Posts Tagged ‘.Net’

ProgressStream: A Stream with Read and Write events

January 19th, 2010

In my experience with WCF I’ve implemented several solutions that leverage the message streaming capabilities present in the framework. Specifically in a client/server scenario when either side needs to transfer a file to the other side it is really convenient to be able to just pass a FileStream to a WCF service call and have the server read bytes from it and write them to disk as it pleases.

However, in this exact scenario, while the server can monitor and control how the bytes are read from the stream and track the progress, the client has no inherent way of determining how much of the file has been read across the network by the server. It would be really useful if the client could track this upload progress and display a progress bar or percentage to the user.

Well, I’ve created one of probably many possible solutions to this dilemma. I’ve written a class that inherits from Stream and exposes some events that are raised when bytes are read or written to/from the stream. These events provide information for how many bytes were read from the stream, what the current position is in the stream, and what the stream’s total length is.

The ProgressStream, as I call it, accepts any Stream object and encapsulates it, forwarding all regular stream calls to the underlying object. With this you can use the ProgressStream in conjunction with any other stream in .Net and leverage the added functionality.

Well enough explanation, here’s the code:

ProgressStream.cs (C#)
ProgressStream.vb (VB.Net)

And here’s a simple example in C# of how to use it:

using System;
using System.IO;
using CGS;
 
namespace ConsoleApplication1
{
    class Program
    {
        static void Main(string[] args)
        {
            var test = File.OpenRead(@"C:\Test\Test.doc");
 
            var pStream = new ProgressStream(test);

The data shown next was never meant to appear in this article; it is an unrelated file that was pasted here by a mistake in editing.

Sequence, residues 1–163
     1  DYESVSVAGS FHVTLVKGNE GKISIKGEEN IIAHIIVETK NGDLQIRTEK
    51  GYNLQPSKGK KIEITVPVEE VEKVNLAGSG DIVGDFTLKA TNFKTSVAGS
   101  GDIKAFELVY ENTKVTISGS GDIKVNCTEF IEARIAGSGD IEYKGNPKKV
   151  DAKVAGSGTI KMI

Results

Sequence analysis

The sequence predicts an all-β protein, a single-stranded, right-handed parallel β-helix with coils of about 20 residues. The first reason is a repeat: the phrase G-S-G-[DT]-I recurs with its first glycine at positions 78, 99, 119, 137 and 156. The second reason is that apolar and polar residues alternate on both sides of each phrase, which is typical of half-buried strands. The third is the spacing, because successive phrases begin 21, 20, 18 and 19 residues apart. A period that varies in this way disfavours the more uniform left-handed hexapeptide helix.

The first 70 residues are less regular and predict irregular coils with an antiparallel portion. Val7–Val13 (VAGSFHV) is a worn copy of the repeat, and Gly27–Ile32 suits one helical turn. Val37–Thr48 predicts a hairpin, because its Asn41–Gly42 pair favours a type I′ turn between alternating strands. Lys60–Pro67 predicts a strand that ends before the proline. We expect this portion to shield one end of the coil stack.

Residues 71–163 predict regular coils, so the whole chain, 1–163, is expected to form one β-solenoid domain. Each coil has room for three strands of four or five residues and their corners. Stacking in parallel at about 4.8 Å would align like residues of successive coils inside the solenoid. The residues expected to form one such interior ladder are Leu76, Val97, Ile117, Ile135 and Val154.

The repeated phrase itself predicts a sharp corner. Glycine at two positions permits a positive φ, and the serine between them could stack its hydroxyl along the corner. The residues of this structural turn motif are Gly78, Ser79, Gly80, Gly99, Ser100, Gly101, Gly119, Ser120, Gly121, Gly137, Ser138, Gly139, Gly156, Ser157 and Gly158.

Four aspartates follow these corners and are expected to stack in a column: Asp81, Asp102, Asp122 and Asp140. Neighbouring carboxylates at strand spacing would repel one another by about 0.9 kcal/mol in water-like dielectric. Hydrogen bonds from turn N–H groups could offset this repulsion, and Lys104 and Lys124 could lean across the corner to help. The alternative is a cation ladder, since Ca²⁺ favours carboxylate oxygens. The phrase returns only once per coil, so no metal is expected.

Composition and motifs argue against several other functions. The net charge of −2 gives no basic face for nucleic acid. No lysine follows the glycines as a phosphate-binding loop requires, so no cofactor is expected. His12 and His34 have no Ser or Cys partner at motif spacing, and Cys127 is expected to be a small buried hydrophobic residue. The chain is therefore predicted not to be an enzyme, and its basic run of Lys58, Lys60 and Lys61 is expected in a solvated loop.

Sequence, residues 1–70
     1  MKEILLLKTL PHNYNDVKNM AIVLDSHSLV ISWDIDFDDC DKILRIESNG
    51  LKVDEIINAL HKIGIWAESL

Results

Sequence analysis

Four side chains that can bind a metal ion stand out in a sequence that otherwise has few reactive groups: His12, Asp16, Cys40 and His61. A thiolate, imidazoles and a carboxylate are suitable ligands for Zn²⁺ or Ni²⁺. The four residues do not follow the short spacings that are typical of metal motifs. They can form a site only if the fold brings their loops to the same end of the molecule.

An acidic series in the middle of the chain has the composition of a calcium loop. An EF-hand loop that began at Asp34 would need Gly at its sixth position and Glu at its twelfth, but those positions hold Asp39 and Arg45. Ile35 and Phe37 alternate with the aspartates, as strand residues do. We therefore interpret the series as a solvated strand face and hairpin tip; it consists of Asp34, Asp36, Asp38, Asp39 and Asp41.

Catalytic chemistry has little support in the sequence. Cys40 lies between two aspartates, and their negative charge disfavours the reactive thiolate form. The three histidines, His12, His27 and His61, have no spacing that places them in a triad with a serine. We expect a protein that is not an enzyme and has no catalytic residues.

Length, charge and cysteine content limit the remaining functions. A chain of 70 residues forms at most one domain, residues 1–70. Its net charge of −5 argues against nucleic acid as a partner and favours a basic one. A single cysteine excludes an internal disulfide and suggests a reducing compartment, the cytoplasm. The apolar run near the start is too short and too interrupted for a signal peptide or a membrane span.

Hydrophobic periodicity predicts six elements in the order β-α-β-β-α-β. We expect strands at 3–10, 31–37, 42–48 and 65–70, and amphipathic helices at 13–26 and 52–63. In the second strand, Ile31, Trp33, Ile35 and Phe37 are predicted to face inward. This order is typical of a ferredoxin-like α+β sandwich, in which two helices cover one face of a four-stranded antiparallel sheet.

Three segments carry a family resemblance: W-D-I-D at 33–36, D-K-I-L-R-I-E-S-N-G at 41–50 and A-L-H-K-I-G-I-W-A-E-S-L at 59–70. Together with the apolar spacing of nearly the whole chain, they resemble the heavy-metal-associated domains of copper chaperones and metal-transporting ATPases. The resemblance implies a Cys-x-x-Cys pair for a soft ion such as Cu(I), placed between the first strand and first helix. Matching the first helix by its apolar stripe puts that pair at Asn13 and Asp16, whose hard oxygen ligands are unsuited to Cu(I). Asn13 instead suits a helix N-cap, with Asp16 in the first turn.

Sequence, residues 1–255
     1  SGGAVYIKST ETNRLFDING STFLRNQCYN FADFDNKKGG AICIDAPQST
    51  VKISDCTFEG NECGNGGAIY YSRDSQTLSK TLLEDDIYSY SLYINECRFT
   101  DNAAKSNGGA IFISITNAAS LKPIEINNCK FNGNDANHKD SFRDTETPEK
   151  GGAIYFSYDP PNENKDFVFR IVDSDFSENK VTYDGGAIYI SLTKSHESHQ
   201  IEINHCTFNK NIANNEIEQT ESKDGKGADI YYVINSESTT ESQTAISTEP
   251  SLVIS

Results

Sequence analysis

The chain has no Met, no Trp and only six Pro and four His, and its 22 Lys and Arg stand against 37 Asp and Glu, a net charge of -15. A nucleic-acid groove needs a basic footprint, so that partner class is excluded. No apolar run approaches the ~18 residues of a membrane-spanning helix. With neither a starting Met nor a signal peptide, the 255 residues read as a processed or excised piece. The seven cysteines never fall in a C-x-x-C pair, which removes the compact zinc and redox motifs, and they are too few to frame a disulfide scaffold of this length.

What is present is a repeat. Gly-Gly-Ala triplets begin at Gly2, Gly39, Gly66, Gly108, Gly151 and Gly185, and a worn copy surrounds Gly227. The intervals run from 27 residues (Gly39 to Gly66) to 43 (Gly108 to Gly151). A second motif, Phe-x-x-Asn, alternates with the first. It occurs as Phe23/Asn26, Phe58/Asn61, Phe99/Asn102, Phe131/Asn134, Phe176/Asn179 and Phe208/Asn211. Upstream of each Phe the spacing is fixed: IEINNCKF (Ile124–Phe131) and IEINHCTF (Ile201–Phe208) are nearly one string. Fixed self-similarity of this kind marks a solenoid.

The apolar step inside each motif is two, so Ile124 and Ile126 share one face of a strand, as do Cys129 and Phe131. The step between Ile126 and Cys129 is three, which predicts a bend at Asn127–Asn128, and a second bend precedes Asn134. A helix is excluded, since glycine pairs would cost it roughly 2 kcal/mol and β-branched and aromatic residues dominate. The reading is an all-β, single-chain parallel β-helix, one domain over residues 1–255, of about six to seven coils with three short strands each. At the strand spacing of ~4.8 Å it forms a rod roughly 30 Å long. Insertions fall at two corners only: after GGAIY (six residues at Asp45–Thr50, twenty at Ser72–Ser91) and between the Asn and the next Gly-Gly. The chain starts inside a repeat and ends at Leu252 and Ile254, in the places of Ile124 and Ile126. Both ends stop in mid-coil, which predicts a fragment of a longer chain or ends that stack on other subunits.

pStream.BytesRead += 
                new ProgressStreamReportDelegate(pStream_BytesRead);
 
            int bSize = 4320;
            byte[] buffer = new byte[bSize];
            while (pStream.Read(buffer, 0, bSize) > 0) { }
 
            Console.ReadKey();
        }
 
        static void pStream_BytesRead(object sender, 
                                      ProgressStreamReportEventArgs args)
        {
            Console.WriteLine(
                string.Format("{2} bytes moved | {0} of {1} total", 
                    args.StreamPosition, 
                    args.StreamLength, 
                    args.BytesMoved
                )
           );
        }
    }
}

WPF: Center Child Window

May 7th, 2009

Here’s a method I’ve found for centering a window to either its parent or the main window for the application, in WPF. It’s not too far different from how you do it in WinForms.

For the child window set it’s WindowStartupLocation to “CenterOwner.” This will cause it to show in the center of the owning Window.

<Window x:Class="WpfApplication1.TestChild"
    xmlns="http://schemas.microsoft.com/winfx/2006/xaml/presentation"
    xmlns:x="http://schemas.microsoft.com/winfx/2006/xaml"
    Title="TestChild" Height="300" Width="300"
 
    WindowStartupLocation="CenterOwner">

Now all that’s left to do is set its owner before displaying it. If the code you’re using to display the window is running inside of a Window class, then you can just use this.

TestChild testWindow = new TestChild();
testWindow.Owner = this;
testWindow.Show();

This isn’t always the case however, sometimes you need to display the child window from code running on a page or a user control. In this case you want the child window to be centered to the main window of the application.

TestChild testWindow = new TestChild();
testWindow.Owner = Application.Current.MainWindow;
testWindow.Show();